UPDATE 1: Account-holders may not be so surprised to find who is the custodian for the PFGBest FX accounts: none other than huge MFGlobal fans, JPMorgan!
Remember when the entire segregated account fiasco was supposedly fixed in the aftermath of the November 2011 MF Global bankruptcy, and where regulators: the CFTC, the SEC, the CME, and anyone you asked, swore up and down this would never happen again? Turns out that 7 months later, the spirit of MFG has struck again, only this time with one letter switched: it is now known as PFG, as we suggested first 3 hours ago whenwe broke the story. From the just filed affidavit by Lauren Brinati who is working with the National Futures Association, which in turn has just filed notice prohibiting PFGBest from operating further, and freezing all of its accounts:
- On or about June 29, 2012 PFG reported to NFA that it had approximately $400 million in segregated funds, of which more than $225 million were purportedly on deposit at U.S. Bank
- On or about July 9, 2012, NFA received information indicating that PFG’s Chairman may have falsified bank records
- On July 9, 2012, NFA made inquiry with US Bank and learned that rather than the $225 million that PFG had reported as being on deposit at US Bank just days earlier, PFG had only approximately $5 million on deposit at U.S. Bank.
Translation: another $220 million segregated account pillage has just taken place, in the vein of none other than Jon Corzine and MF Global.
The money has now officially vaporized.
It is truly wonderful of the NFA to finally get involved, after PFG’s clients have lost about 98% of their cash held with the firm.
In other potential news, a rather prominent New York bank, recently closely associated with marine wildlife, may have just cut its Q2 losses by up to $220 million.
And now for a moment of sarcasm, courtesy of Jack Pearson.
The founder of the US broker PFGBest is said to have attempted suicide as it emerged that more than $200m (£130m) appeared to be missing from clients’ accounts.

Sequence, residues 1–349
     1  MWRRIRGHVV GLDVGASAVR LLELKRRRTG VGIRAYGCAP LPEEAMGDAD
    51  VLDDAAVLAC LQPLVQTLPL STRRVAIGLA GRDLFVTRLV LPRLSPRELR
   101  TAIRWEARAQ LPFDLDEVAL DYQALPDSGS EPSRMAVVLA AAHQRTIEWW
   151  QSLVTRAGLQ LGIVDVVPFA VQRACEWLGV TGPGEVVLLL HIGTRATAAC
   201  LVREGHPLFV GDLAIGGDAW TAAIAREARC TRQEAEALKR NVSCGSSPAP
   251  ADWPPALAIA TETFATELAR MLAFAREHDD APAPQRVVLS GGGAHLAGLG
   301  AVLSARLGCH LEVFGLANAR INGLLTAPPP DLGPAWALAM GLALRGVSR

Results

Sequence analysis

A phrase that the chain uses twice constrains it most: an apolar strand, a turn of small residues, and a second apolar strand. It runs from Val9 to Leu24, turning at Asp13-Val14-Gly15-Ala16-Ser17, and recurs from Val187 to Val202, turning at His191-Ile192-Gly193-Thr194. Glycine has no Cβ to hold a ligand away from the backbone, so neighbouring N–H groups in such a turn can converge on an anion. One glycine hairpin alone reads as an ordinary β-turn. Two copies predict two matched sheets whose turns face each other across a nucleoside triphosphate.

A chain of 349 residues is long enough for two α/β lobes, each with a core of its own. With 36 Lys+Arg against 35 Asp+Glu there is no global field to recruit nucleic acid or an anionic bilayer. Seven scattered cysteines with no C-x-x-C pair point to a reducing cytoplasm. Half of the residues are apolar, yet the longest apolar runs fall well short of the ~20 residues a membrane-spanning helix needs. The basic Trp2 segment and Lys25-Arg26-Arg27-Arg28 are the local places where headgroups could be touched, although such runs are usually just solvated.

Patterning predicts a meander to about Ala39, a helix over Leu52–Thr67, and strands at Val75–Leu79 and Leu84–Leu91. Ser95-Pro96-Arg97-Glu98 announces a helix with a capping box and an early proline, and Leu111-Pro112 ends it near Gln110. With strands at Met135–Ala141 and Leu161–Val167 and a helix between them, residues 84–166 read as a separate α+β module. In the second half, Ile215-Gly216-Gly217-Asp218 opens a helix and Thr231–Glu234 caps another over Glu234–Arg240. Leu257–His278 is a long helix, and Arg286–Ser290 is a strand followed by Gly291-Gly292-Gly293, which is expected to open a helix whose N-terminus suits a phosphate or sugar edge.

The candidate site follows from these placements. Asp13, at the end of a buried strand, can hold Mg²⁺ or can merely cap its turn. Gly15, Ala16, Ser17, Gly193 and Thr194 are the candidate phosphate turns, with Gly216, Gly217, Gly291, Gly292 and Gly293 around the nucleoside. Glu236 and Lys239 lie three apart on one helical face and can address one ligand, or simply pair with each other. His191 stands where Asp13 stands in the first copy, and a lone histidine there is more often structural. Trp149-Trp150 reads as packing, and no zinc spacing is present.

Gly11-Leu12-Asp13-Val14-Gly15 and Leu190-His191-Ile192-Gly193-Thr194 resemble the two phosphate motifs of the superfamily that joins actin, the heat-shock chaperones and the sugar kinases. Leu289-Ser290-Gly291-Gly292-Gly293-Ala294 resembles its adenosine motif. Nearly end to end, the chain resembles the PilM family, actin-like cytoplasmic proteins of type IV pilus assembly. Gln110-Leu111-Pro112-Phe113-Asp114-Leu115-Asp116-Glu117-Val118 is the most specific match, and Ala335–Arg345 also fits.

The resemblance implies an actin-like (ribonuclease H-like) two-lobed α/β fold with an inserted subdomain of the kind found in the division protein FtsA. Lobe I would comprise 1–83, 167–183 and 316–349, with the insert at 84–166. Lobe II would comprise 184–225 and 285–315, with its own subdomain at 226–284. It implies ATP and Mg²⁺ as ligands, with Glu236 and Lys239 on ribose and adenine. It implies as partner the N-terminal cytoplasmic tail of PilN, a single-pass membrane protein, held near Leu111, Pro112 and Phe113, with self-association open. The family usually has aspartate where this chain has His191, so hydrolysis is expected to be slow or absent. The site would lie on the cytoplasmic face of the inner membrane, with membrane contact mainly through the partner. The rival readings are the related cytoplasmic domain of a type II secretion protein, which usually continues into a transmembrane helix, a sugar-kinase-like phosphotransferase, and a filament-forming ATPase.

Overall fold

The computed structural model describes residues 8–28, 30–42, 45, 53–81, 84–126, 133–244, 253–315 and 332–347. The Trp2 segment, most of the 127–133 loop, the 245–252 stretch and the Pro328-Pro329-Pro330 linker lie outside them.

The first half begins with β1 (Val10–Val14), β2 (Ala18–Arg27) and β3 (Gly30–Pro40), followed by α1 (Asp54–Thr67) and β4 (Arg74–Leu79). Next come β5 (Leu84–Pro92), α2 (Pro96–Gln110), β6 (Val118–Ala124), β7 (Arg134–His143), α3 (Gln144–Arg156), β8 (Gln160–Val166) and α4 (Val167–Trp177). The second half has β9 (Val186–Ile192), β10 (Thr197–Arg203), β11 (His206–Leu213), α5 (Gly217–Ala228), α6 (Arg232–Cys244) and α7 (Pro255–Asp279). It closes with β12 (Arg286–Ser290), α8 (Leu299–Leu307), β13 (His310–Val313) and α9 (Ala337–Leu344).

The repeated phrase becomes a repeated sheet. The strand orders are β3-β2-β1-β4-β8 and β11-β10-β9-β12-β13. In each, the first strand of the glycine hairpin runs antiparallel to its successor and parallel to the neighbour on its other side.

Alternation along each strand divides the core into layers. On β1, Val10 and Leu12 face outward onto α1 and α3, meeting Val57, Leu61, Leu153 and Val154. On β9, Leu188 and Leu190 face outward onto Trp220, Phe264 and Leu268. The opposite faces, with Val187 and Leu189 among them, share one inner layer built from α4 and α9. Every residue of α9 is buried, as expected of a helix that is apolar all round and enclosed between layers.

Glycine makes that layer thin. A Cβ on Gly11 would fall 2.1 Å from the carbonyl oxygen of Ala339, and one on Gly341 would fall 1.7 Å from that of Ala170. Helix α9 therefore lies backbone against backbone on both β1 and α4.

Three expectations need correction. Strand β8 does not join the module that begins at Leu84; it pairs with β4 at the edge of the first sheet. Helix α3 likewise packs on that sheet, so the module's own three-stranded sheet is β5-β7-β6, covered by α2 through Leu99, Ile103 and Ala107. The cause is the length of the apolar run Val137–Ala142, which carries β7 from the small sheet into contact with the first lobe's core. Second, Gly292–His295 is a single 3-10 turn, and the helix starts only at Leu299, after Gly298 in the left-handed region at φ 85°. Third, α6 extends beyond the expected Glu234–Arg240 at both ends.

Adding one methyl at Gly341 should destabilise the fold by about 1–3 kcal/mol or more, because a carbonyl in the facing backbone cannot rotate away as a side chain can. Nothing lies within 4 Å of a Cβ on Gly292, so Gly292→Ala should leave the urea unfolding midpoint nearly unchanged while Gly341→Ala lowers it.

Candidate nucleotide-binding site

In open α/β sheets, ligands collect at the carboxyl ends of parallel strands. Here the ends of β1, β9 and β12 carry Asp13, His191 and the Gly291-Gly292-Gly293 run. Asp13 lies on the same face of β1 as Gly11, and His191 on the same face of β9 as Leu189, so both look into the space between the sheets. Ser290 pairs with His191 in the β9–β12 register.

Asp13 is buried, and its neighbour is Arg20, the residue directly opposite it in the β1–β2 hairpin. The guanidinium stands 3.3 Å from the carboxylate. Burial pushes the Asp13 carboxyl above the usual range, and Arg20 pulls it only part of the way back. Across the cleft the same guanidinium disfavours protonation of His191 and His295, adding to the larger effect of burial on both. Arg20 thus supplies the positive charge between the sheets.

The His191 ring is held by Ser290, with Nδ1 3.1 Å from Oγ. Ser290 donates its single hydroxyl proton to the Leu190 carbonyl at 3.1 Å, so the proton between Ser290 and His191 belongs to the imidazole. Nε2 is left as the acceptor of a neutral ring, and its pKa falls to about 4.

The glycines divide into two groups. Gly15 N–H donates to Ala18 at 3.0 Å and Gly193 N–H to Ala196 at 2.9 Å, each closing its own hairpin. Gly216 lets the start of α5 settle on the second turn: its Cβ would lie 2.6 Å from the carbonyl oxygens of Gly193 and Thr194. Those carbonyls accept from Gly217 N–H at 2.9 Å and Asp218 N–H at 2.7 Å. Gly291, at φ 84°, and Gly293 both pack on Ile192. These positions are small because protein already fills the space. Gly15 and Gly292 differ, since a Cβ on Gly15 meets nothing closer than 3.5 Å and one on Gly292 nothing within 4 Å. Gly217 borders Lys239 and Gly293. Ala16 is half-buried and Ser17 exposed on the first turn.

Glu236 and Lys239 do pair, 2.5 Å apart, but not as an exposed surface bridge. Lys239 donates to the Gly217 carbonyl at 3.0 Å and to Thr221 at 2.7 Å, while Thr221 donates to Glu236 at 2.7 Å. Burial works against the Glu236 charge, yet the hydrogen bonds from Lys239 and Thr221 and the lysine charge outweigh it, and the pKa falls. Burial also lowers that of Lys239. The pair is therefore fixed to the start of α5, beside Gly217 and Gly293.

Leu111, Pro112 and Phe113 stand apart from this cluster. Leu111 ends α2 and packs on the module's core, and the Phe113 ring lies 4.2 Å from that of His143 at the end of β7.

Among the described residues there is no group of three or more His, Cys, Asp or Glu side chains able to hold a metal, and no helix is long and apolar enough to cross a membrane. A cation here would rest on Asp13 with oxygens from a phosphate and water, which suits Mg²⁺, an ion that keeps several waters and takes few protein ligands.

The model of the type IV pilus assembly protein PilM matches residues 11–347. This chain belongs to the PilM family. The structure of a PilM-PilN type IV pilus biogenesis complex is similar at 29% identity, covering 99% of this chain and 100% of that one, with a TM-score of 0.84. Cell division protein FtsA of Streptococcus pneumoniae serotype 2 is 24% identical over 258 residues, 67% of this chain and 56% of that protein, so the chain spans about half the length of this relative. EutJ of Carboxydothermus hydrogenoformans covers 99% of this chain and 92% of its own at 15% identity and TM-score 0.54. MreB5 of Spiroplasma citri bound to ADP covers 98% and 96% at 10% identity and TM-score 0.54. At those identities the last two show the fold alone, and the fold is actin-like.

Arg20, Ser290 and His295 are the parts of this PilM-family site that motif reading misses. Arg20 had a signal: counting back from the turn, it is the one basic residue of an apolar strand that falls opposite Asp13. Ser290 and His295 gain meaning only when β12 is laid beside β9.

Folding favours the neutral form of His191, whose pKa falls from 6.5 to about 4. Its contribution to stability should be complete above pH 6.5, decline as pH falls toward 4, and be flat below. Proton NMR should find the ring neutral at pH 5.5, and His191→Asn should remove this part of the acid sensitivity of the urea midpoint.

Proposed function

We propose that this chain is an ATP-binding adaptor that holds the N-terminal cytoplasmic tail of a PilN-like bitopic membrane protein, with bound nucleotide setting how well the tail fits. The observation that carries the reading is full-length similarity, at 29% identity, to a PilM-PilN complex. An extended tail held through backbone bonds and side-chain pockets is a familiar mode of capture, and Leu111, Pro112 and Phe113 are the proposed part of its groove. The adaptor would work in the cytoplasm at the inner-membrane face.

Russell Wasendorf Sr, a 40-year veteran of futures markets, was found in his car near the company’s Iowa headquarters and is in a critical condition at the University of Iowa Hospitals, according to local news reports.
The apparent suicide attempt came hours before the National Futures Association (NFA), an industry group that also plays a regulatory role, said it had issued an emergency order to in effect freeze PFGBest’s operations after finding that a US bank account the broker said contained $225m in customer funds actually held only $5m. “It appears that PFG does not have sufficient assets to meet its obligations to its customers,” the NFA said.
One PFGBest broker told Reuters that Wasendorf’s son, Russ Wasendorf Jr, had informed employees about the events earlier in the day, saying a suicide note had been found alluding to financial troubles with the company. The younger Wasendorf “sounded like he was in another world”, he said.
“Everybody here is obviously in shock,” said the broker, adding that some employees had begun packing up shortly after the announcements. “Pretty much everybody around here said we’re doomed.”
The news is likely to renew anxiety over the stability of the brokerage industry less than a year after the collapse of the much larger MF Global. PFGBest, which has brokered trades in US commodity and forex futures and options for 20 years, told customers their funds had been frozen and clients would be allowed to close open trading positions, but would not be able to withdraw funds or make new trades until further notice.
The company told clients: “Some accounting irregularities are being investigated regarding company accounts … Until further notice, PFGBest is not authorised to release any funds.”
Local law enforcement officials said the investigation would be likely to pass soon to the US attorney’s office.
PFGBest is thought to be less than a 10th of the size of MF Global when it filed for bankruptcy last year, so the impact should be less severe. However, many traders are still missing money from that collapse, so the news will still be felt keenly in the industry.